Be the first to like this
From MITRE ATT&CKcon Power Hour - October
By Brian Donohue, Security Evangelist, Red Canary, @thebriandonohue
In early 2018, Red Canary adopted MITRE ATT&CK as the common language that they would use to categorize threats, measure detection coverage, and communicate about malicious behaviors. In the intervening years, they’ve relied on the framework to develop open source tools like Atomic Red Team and help security teams prioritize their defensive efforts with blogs and our annual Threat Detection Report.
In early 2020, MITRE announced that ATT&CK would be expanding its original taxonomy of tactics and techniques to include sub-techniques. In the months that followed MITRE's announcement, Red Canary’s research, intelligence, and detection engineering teams painstakingly remapped their library of thousands of behavioral analytics to sub-techniques. In doing so, they improved their correlational logic, experimented with the idea of conditional technique mapping, and, unfortunately, rendered the 2020 Threat Detection Report out-of-date.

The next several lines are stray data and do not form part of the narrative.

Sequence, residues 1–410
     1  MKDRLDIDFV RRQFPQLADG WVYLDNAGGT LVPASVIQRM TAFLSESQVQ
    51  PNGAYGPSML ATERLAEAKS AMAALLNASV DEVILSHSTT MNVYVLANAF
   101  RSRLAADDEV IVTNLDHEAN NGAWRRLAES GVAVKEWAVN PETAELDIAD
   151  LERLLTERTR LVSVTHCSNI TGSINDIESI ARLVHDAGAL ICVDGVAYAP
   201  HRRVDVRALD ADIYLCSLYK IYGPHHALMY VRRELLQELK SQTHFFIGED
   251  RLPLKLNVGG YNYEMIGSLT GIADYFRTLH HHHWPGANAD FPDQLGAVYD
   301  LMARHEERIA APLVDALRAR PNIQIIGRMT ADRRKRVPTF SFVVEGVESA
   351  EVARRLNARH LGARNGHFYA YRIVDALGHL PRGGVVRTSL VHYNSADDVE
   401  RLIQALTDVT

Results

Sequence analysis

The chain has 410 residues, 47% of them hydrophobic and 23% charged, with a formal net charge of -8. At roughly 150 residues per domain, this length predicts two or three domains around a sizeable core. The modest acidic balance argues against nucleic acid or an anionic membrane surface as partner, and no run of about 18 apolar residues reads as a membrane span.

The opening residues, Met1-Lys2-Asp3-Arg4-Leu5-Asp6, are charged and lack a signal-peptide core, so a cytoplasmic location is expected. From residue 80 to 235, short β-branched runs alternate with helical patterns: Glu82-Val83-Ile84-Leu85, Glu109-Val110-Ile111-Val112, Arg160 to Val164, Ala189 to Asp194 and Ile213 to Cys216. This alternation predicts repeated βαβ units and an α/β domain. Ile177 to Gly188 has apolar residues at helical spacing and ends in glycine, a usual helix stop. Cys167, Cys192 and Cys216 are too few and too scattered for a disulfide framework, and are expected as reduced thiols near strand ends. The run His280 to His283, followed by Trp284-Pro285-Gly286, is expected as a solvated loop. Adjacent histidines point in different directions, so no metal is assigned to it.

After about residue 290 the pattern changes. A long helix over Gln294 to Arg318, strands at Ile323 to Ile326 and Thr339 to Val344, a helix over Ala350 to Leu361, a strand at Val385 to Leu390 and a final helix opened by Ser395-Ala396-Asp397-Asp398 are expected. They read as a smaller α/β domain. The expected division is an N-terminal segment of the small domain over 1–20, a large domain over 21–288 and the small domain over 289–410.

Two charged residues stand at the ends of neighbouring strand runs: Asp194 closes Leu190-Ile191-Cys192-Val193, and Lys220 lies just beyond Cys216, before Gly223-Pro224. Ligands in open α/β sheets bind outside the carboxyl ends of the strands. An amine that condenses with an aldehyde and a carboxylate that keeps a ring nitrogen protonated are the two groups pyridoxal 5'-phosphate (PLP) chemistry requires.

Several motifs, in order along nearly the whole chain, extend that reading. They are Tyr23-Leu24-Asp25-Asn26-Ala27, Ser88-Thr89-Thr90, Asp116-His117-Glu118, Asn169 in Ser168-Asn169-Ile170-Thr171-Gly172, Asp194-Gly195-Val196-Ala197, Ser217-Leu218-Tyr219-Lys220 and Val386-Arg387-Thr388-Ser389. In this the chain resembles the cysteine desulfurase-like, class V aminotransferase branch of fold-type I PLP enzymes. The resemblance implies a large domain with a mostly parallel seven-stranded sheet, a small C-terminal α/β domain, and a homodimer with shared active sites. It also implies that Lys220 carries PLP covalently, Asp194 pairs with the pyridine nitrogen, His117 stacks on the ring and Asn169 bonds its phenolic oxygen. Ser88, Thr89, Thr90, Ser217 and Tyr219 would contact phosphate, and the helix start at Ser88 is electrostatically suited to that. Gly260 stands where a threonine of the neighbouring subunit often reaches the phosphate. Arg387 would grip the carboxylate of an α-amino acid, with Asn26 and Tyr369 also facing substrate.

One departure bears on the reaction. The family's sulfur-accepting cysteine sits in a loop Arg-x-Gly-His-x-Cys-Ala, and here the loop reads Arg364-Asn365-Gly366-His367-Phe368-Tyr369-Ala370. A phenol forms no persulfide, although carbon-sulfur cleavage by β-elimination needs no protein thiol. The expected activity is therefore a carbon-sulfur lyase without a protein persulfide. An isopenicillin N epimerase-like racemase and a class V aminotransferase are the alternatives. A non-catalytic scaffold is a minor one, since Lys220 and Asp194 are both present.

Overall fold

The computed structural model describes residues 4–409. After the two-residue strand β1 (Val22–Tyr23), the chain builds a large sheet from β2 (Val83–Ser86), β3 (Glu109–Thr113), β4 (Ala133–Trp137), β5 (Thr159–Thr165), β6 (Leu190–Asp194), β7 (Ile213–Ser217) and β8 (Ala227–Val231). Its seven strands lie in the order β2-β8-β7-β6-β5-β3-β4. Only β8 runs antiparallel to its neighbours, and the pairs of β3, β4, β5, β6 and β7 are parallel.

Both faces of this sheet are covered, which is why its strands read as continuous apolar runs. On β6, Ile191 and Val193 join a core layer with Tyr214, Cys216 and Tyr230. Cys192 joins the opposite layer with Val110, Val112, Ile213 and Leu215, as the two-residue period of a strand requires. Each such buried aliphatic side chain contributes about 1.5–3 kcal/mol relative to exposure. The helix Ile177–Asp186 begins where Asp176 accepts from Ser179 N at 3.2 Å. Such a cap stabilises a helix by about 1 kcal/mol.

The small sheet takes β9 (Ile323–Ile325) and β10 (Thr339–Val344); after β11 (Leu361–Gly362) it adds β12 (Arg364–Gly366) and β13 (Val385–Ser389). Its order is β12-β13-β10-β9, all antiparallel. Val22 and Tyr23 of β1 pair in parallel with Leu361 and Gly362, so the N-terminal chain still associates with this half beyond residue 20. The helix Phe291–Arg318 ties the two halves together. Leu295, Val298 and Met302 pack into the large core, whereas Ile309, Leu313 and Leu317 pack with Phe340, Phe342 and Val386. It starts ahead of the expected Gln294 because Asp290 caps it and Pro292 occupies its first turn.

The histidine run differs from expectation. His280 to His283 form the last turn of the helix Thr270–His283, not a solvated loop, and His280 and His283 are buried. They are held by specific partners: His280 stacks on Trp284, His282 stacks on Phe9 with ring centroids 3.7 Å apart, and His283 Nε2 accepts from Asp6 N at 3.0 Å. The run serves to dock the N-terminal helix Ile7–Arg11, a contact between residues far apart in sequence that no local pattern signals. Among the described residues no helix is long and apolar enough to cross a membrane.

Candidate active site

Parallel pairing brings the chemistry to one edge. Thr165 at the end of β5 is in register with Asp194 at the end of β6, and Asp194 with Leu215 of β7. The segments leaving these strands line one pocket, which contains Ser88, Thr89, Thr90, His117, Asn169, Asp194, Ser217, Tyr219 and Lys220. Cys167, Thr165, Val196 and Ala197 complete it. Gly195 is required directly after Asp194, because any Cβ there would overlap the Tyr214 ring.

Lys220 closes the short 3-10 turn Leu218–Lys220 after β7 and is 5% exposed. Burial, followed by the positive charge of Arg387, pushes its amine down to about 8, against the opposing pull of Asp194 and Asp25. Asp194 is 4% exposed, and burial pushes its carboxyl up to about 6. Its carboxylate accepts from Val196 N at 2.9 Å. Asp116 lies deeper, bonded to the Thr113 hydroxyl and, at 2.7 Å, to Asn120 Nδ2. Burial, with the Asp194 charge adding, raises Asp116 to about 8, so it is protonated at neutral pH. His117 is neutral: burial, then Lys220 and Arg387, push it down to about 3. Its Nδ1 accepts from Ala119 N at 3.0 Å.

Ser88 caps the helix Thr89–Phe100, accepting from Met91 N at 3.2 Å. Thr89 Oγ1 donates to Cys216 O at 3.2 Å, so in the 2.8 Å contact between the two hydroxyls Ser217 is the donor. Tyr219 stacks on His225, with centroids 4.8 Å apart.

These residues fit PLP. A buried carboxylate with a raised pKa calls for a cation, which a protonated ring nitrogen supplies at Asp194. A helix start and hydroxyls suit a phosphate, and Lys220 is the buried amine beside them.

In this talk from the MITRE ATT&CKcon Power Hour session on October 9, 2020, Brian discusses how refactoring for sub-techniques offered us the opportunity to apply all the lessons learned in more than two years of operationalizing ATT&CK. He also explores how Red Canary has remodeled its ATT&CK mapping to allow for added flexibility and human input and shows what happens when the Red Canary applied their new sub-technique mappings to the 2020 Threat Detection Report.